Thinking about having your parent move into an assisted living community can be scary. But the truth is, it’s a good thing. Letting them go into a more structured environment can help them continue living as fully as possible, rather than keeping them isolated in your home. In assisted living, your parent can interact with other residents and get the care and supervision they need for daily life.
However, assisted living can also be isolating if you’re not prepared. Here are some tips on how to make it as enjoyable as possible, so your loved one doesn’t feel like they have been dumped in a boarding house against their will:
Schedule Regular In-Person Visits with Family
As a child, you may have visited your parent regularly. You may have dropped by unannounced for a cup of coffee or gone to see them at work. Outside the immediate family, there may be few people your aging parent trusts enough to visit them in their home regularly. Assisted living facilities are populated with people who may be completely unexpected given that trust. Let your parent know you’re coming to visit and make sure to let them know when you’re coming and going. Get to know the care team, the other members, and the facility layout, so you know where to find your parent.
Use Retirement Community Virtual Visits
Assisted living communities often offer video visits. This way, you can visit your aging parent virtually without leaving your home or traveling to the retirement community. Set up a virtual visit with your parent’s care manager or administrator so they can arrange a video call. Virtual visits are an excellent option for continuing to connect if your parent is in a different state or country.
Interact with Your Loved One on Social Media
Many Retirement communities also offer social media accounts for residents. So, if your loved one is on Facebook, Instagram, or Twitter, follow them. Interacting with them on social media can keep you connected and help your loved one stay connected to friends and family. It’s important to let your loved one know that you care, but don’t overdo it. Keep the light of the message and let your loved one do the talking. Ask your parent how they feel about being on social media, so you know how to approach it. Don’t insist your loved one be active on social media if it’s something they aren’t interested in doing.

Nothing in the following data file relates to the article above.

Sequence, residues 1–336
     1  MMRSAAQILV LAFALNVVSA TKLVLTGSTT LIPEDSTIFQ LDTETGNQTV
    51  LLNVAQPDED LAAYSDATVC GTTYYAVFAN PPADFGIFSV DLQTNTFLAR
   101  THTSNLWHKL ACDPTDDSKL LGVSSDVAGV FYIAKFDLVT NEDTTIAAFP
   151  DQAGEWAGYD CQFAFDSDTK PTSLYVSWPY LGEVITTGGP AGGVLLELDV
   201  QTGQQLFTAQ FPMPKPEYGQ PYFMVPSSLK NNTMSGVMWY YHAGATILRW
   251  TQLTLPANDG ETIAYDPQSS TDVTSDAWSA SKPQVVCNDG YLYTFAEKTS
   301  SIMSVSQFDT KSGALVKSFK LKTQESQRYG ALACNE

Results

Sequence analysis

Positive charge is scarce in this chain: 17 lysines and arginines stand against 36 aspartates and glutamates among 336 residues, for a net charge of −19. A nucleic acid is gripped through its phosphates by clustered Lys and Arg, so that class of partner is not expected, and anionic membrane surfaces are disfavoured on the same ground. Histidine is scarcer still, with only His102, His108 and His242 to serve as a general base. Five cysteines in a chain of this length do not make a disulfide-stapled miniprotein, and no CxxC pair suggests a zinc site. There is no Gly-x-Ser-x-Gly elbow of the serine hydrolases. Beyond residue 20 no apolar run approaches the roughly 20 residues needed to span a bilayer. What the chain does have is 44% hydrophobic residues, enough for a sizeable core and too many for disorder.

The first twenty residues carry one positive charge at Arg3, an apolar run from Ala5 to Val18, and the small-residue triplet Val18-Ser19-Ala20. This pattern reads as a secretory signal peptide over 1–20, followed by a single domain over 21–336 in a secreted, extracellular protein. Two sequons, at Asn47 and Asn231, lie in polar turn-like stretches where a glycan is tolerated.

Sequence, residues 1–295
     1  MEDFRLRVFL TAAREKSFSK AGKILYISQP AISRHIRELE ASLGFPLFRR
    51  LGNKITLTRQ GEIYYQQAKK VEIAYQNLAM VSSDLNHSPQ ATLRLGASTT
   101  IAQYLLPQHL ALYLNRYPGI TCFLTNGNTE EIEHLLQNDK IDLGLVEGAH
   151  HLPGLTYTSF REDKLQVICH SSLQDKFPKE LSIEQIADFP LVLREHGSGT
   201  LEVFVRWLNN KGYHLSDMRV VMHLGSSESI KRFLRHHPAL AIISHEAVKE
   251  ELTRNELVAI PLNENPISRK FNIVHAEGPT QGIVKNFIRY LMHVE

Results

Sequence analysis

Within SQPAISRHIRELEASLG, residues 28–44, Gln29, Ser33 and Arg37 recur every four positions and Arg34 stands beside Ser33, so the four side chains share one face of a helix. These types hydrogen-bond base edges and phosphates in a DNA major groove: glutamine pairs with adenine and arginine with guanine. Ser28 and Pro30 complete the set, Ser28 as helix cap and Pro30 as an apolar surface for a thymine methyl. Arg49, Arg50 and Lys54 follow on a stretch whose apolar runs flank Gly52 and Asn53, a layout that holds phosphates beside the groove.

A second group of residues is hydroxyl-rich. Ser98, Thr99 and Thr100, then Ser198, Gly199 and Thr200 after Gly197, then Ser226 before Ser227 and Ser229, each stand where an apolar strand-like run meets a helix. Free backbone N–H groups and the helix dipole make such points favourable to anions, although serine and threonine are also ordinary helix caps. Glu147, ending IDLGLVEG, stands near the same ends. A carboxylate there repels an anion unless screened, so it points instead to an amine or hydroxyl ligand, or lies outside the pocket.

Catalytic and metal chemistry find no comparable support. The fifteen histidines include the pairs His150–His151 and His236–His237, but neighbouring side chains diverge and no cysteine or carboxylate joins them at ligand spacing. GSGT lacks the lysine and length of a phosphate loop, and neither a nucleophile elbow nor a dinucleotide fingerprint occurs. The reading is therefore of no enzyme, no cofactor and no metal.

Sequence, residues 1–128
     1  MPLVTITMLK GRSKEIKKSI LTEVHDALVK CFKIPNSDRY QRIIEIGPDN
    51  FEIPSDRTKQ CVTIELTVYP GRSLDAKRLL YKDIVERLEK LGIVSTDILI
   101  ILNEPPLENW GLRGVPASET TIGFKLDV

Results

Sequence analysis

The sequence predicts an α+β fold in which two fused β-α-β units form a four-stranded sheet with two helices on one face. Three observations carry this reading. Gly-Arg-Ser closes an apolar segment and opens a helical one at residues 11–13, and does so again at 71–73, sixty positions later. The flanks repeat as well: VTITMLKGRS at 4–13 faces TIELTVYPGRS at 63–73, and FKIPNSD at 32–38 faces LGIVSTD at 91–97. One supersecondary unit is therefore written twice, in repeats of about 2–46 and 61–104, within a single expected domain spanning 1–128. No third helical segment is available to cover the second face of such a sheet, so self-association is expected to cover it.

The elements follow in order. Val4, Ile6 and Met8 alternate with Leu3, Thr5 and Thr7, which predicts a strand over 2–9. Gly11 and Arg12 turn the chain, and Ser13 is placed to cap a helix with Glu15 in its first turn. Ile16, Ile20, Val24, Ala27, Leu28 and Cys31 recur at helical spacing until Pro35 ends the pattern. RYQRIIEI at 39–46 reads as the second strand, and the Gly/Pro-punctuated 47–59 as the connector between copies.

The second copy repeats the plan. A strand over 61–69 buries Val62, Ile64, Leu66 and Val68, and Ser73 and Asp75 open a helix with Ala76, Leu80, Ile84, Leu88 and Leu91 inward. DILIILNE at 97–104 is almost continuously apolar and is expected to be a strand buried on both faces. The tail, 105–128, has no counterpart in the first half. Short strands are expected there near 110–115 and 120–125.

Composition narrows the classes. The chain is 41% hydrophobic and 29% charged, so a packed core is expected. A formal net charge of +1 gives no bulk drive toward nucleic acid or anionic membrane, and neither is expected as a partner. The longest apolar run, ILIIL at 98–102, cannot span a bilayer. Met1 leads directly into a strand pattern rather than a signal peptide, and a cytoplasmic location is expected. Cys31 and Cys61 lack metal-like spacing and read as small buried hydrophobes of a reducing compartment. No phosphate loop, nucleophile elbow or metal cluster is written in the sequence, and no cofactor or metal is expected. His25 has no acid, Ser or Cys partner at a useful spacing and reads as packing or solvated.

Call Your Parent or Loved One
Retirement communities often offer free calling to local numbers. You should contact your loved ones regardless of their condition. They may not want to talk, but it is important to keep the lines of communication open. If you receive a call from your loved one, do not hang up. Acknowledge the call and tell your loved ones that you will call them back. If your loved one is in a situation where they cannot talk, make sure you let them know that you are on the other line, so they don’t get confused or worry unnecessarily.
Ask Your Loved One’s Caregiver
The caregiver can keep you updated on your parent’s condition and any changes in their routine. They can also let you know when there are important events or milestones that you may want to be a part of. They can also let you know if there are any changes or concerns you should know about. Caregivers are a great source of information and support, so take advantage of their knowledge and resources.